Sherman loved being in front of the camera as much as behind it. Her free spirit dominated the photographs of Bill Cunningham’s eight-year project ”Façades”, a series that depicted Sherman in period costume juxtaposed against New York City’s architectural masterpieces.

You can read more about Façades on one of my earlier posts on ”Lia in Brussels”. 

Extracts from “The Duchess of Carnegie Hall”, New-York Historical Society, August-October 2017

September 23rd, 2017


Just another day’s work. UNGA72.

Outside UNHQ. The time of the year when the whole world lands in New York for the United Nations General Assembly and life, as locals know it, is put on hold for a week. Locals know what they should do by now: keep calm and avoid the area, unless you have business in the UN.

September 20th, 2017

Oscar goes to…

a wildly extravagant, lavishly adorned cabinet of curiosities, bursting with antique and vintage objects collected from all over the world. That marble fireplace? French, 1840s, acquired on Bond St. from Bonhams and Phillips Auctioneers. That Whiskey Bar? Expands around a Player Piano of 1819 and holds over 300 varieties of whiskey. Stained glass from Milan, wallpaper made in Mexico, original wood paneling from Hope Castle in Ireland. See that antique clock on the Irish Writer’s Wall? It’s only one of 26, all set to 1:50, the time of Oscar Wilde’s death.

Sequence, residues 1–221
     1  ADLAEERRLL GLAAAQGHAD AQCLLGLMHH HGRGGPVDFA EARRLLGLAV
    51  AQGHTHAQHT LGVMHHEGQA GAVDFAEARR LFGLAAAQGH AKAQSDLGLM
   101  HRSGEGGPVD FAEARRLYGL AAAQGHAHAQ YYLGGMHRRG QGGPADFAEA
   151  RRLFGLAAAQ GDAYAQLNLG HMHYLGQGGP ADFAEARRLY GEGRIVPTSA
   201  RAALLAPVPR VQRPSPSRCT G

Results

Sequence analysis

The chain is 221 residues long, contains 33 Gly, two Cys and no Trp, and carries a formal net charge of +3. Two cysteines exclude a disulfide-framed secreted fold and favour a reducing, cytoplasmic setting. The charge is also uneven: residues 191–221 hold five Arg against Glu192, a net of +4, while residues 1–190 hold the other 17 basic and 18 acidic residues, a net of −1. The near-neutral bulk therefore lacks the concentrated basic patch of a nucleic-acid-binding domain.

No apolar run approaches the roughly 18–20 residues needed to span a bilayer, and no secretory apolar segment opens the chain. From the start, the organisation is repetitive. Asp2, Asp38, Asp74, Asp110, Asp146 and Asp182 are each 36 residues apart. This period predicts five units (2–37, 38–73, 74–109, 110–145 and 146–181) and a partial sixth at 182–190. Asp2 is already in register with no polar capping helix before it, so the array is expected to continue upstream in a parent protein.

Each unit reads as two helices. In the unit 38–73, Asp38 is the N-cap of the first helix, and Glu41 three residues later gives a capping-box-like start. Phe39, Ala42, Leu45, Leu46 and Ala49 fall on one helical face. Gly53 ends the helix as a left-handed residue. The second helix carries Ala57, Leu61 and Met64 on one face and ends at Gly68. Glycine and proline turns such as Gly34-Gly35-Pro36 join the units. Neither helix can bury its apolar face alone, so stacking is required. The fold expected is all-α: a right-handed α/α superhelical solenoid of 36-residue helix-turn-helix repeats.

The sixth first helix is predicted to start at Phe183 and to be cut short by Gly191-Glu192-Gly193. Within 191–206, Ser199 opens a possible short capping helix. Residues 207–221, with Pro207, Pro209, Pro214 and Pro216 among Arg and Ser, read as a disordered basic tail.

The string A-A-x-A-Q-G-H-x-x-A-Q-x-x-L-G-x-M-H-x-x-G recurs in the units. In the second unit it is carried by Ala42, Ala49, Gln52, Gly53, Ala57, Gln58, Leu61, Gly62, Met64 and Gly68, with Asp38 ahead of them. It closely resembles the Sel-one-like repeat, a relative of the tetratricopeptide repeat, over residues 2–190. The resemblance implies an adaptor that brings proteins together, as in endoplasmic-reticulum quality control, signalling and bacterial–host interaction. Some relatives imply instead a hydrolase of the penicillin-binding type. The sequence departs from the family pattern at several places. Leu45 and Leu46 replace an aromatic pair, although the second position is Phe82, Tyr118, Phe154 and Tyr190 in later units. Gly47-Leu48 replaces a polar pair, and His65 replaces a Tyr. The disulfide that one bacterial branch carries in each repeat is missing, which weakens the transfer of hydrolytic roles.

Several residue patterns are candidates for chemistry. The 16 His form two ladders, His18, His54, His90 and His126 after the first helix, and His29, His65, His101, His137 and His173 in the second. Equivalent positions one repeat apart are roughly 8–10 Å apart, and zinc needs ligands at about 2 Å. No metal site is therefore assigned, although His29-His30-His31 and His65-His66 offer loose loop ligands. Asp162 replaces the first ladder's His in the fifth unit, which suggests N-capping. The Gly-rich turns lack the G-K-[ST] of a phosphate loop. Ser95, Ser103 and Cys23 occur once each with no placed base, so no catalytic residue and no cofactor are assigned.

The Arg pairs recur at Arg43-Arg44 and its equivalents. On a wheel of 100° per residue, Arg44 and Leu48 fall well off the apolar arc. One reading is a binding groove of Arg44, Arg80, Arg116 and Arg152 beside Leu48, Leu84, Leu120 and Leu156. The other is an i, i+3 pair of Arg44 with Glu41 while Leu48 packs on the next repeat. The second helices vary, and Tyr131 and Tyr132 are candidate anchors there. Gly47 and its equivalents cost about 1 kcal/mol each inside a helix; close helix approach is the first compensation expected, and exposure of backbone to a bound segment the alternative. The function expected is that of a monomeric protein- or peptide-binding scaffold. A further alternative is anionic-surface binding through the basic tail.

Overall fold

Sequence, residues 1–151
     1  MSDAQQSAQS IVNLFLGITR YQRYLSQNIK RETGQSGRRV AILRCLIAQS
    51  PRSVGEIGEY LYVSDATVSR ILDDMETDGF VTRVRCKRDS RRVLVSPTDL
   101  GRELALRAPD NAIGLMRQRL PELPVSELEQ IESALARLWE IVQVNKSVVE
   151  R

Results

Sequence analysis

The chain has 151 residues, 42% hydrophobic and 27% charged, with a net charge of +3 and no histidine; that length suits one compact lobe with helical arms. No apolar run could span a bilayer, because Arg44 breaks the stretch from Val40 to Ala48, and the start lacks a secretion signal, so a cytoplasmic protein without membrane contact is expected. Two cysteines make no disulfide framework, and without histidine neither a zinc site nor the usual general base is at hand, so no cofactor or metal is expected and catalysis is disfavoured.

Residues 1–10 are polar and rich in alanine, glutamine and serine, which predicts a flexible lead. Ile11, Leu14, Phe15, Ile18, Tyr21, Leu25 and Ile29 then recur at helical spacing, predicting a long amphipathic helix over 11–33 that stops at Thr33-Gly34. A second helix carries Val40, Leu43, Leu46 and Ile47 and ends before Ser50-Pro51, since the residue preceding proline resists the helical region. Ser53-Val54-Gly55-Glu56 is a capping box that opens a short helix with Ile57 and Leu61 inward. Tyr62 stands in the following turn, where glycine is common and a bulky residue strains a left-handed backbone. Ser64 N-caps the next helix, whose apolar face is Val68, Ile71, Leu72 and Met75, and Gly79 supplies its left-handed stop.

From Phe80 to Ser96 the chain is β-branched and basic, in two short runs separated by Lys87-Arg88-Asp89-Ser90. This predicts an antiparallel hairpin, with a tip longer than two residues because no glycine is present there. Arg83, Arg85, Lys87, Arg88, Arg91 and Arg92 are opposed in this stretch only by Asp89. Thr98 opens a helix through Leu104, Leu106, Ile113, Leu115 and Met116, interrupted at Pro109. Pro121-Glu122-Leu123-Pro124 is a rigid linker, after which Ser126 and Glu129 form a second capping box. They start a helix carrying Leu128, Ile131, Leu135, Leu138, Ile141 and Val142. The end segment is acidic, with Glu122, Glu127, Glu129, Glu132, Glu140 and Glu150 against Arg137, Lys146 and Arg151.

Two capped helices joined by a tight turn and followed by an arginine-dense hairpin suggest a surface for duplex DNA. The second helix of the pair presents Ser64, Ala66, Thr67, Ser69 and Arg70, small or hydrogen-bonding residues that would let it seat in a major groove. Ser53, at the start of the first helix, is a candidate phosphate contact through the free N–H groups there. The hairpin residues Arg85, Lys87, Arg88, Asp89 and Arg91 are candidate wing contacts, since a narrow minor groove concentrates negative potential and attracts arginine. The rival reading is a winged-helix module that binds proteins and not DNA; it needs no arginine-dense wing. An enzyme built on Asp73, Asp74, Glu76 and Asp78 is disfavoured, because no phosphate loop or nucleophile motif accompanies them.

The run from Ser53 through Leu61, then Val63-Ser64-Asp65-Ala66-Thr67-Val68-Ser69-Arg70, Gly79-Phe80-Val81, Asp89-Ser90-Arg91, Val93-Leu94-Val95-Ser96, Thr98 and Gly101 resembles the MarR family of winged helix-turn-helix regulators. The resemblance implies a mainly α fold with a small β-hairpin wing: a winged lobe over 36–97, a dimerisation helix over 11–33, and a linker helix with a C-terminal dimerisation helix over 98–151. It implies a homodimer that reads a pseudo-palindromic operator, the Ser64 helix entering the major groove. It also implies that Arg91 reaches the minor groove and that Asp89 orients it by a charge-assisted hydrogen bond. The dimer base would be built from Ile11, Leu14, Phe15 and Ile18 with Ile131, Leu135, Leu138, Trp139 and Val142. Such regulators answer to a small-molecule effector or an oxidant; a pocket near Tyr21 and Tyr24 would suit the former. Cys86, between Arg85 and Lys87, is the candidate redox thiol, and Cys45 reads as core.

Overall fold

The cocktails? Sinfully delicious. How poetic that, in an ironic twist of fate, New York City’s ”longest bar” extends on the ground floor of the building that once was the Prohibition Enforcement Headquarters! Mr. Wilde himself, the very embodiment of aestheticism, hedonism, eccentricity and sophisticated debauchery, would have approved.  

Oscar Wilde

September 10th, 2017